THE GREAT BATTLE FOR DES MOINES
AND MY LOVE: Leslie Hall’s work suggests
that she’s still feeling her way around —but it’s
The theme of MassArt’s “War Stories” is what we talk about when we talk about war — the Iraq War in particular. Tall tales got us into this war, beginning five years ago next month. And as MassArt’s Lisa Tung, who organized “War Stories,” notes in the exhibit’s wall text, we still struggle to locate the war’s facts amid all the confusing data, all the debate, all the spin. The show is deeply depressing because the subjects are so depressing: unheeded warnings, our war-wounded veterans, the black hole of indefinite imprisonment and torture that we’ve created for our war prisoners.
Nina Berman’s eight photos show wounded American veterans of the Iraq War. A man injured by a remote-detonated bomb stands in his dress uniform, with a chest full of medals. His face is all lumps and scars. A man injured in a mortar attack leans against a chain-link fence with his shirt off to reveal a scar creeping from the bottom of his sternum to his groin. A man who lost a leg when a rocket blasted his vehicle exercises his remaining leg in a rehab center. A woman injured in a Humvee accident floats at the edge of a pool.
Texts from interviews with the vets accompany the pictures. They speak of joining up because there was little work, of violence in their community, of the righteousness of deposing Saddam because he “was a bad guy,” of wounded comrades, and of missing the military.
Army Specialist Robert Acosta, who lost his right hand and the use of a leg when an Iraqi teen threw a grenade into his Humvee, is photographed wearing a prosthetic arm and standing in the backyard of a house. “When somebody gets hurt, they’re out of there within hours,” he says. “You hear rumors, you hear stories, some guy got hit . . . but you don’t really see the reality of it until you get there and see them in the hospital.”
Berman’s deadpan portraits and interviews are more interesting for what they represent — the hidden wounded of our Iraq War — than for their actual artistry or insight. But her 2006 photo Marine Wedding is a heartbreaking formal portrait of a young bride in her wedding gown next to her wounded groom in his Marine dress uniform. His lips are swollen, his ears have vanished, his nose is deformed, his head is bald and lumpy. Wedding photos are usually about love and hope and youthful promise, but here the fierce reality of the groom’s wounds makes all those pretty ideas seem compromised.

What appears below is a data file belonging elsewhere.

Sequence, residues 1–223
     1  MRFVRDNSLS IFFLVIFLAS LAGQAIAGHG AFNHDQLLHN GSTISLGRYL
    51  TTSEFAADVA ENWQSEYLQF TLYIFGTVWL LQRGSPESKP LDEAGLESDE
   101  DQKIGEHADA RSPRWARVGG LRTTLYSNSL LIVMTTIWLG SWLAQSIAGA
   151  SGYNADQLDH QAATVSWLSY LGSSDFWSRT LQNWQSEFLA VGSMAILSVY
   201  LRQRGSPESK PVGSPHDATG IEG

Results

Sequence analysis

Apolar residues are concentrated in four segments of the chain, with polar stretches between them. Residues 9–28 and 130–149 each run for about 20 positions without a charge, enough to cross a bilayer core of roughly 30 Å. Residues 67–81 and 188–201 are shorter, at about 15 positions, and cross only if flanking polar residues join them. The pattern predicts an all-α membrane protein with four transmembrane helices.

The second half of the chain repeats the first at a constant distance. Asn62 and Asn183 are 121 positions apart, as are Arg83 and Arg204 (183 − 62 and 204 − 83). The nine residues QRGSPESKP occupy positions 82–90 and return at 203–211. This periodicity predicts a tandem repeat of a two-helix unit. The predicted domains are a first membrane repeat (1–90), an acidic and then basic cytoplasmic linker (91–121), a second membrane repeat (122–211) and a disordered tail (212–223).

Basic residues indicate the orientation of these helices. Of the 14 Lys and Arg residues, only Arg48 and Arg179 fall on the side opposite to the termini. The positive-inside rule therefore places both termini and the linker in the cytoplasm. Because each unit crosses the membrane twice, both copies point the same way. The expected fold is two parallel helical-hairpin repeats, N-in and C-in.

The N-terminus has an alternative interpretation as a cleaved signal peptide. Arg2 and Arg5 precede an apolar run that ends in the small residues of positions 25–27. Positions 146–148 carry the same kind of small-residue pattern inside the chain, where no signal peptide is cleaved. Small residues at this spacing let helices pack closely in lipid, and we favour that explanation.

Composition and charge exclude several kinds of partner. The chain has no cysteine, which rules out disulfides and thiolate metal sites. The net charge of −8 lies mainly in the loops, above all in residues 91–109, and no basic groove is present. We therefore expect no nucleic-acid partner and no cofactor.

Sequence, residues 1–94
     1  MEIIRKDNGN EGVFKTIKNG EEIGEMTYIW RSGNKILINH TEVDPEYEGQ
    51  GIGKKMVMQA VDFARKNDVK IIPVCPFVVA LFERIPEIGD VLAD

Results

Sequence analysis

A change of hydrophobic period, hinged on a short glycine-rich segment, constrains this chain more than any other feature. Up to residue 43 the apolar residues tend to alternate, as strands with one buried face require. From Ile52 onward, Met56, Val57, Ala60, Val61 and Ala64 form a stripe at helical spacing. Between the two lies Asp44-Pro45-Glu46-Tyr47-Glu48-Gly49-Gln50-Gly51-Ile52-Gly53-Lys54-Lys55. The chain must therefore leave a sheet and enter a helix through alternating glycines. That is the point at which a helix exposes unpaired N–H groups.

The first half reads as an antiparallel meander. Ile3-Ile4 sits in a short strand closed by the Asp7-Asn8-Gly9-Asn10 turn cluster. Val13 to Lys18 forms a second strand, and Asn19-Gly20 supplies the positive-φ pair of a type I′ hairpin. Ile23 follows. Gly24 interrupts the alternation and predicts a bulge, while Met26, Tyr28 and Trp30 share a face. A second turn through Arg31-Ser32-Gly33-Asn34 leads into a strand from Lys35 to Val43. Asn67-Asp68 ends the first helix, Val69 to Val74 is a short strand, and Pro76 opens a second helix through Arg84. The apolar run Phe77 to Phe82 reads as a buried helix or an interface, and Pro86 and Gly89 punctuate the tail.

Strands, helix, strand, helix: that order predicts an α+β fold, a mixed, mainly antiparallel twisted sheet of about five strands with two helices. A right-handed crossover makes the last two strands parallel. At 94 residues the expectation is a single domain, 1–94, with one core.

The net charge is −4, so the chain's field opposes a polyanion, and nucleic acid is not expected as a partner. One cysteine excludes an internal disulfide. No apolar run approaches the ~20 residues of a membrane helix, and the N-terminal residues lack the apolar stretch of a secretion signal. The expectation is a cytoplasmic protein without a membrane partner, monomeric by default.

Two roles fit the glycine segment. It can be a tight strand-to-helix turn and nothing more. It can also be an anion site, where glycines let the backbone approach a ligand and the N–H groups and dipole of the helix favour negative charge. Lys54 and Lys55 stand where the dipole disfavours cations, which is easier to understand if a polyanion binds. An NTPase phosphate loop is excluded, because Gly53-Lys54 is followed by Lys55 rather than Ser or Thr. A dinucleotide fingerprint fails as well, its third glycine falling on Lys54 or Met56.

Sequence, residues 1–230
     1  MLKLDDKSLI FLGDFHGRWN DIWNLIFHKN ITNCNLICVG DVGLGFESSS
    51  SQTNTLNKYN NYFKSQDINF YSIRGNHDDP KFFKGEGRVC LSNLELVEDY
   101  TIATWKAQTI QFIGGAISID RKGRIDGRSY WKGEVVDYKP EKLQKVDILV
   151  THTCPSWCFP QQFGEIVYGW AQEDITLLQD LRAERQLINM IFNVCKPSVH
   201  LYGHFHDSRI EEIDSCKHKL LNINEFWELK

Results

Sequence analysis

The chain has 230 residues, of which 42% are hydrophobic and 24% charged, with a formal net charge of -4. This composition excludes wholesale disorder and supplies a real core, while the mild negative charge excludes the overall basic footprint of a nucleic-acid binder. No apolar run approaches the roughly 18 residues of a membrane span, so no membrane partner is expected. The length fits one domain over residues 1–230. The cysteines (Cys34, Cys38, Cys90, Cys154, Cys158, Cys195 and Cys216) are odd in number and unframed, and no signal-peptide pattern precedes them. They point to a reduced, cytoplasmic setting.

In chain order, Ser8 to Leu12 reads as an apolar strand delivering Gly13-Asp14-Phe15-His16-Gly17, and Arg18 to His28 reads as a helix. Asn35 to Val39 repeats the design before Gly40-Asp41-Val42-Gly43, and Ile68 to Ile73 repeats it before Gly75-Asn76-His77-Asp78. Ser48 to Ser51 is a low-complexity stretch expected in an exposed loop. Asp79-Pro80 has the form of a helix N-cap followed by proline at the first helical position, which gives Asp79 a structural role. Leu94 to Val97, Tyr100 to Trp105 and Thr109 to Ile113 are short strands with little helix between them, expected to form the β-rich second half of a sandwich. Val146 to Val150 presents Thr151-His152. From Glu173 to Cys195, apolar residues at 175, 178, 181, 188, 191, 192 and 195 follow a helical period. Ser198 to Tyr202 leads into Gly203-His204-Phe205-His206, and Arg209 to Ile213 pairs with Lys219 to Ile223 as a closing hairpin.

“War Stories” Bakalar Gallery at Massachusetts College of Art and Design, 621 Huntington Ave, Boston | Through March 12
“Body Politics: Maori Tattoo Today”
Peabody Essex Museum, East India Square, Salem | Through February 1, 2009.
“SMFA Traveling Scholars” Museum of Fine Arts, 465 Huntington Ave, Boston | Through March 2
David Thorne, Katya Sander, Ashley Hunt, Sharon Hayes, and Andrea Geyer present 9 Scripts from a Nation at War (2007), one wall-mounted video plus eight desks with built-in video screens. The videos run about eight and a half hours, so I assume the artists intend us to watch only bits and pieces. In one video, a man reads first-person accounts that seem to come from various bloggers. In another, a woman plays a lawyer explaining her work representing Guantánamo prisoners. A man who seems to be a journalist talks about covering war. People read accounts, apparently from veterans, about their training, about war, and about returning home. Women discuss the nature of power.
The artists have said that the piece asks, “How does war construct specific positions for individuals to fill, enact, speak from, or resist?” The stories are flatly performed, mostly in empty classrooms and auditoriums. A four-hour re-enactment of a tribunal questioning detainees pauses now and again for everyone to shift one chair to the right and take a new role. This artifice makes all the tales feel suspect — it suggests we should be wary about what we take to be true. But it also short-circuits emotion. It’s just so meta. The cool, detached style that’s used in 9 Scripts — and that dominates contemporary art — is ill suited to addressing this stuff. The art talks mostly around the subject, without getting to the hot, messy, emotional core of the matter.
Jenny Holzer does better by reproducing grainy US government “War on Terror” documents straight-up. Her five screenprints here were among those she exhibited at Barbara Krakow Gallery on Newbury Street last May. (I reviewed them in detail then, in the June 1 issue of the Phoenix.) One screenprint reproduces White House counterterrorism chief Richard Clarke’s January 2001 warning to Condoleezza Rice about the threat from al-Qaeda. Nearby, then CIA director George Tenet’s September 16, 2001, memo “We’re at War” is printed in emergency red. A handwritten February 2002 report of an Army translator in Afghanistan says that Special Forces soldiers apparently hit, threatened, and shocked with electricity a prisoner he had helped interrogate. Holzer has the authors speak to us directly — even in their own handwriting; the result transmits their worry, their urgency, their shock, their disgust. And in black patches of redacted text, we feel the lurking presence of those in government who would keep these stories untold.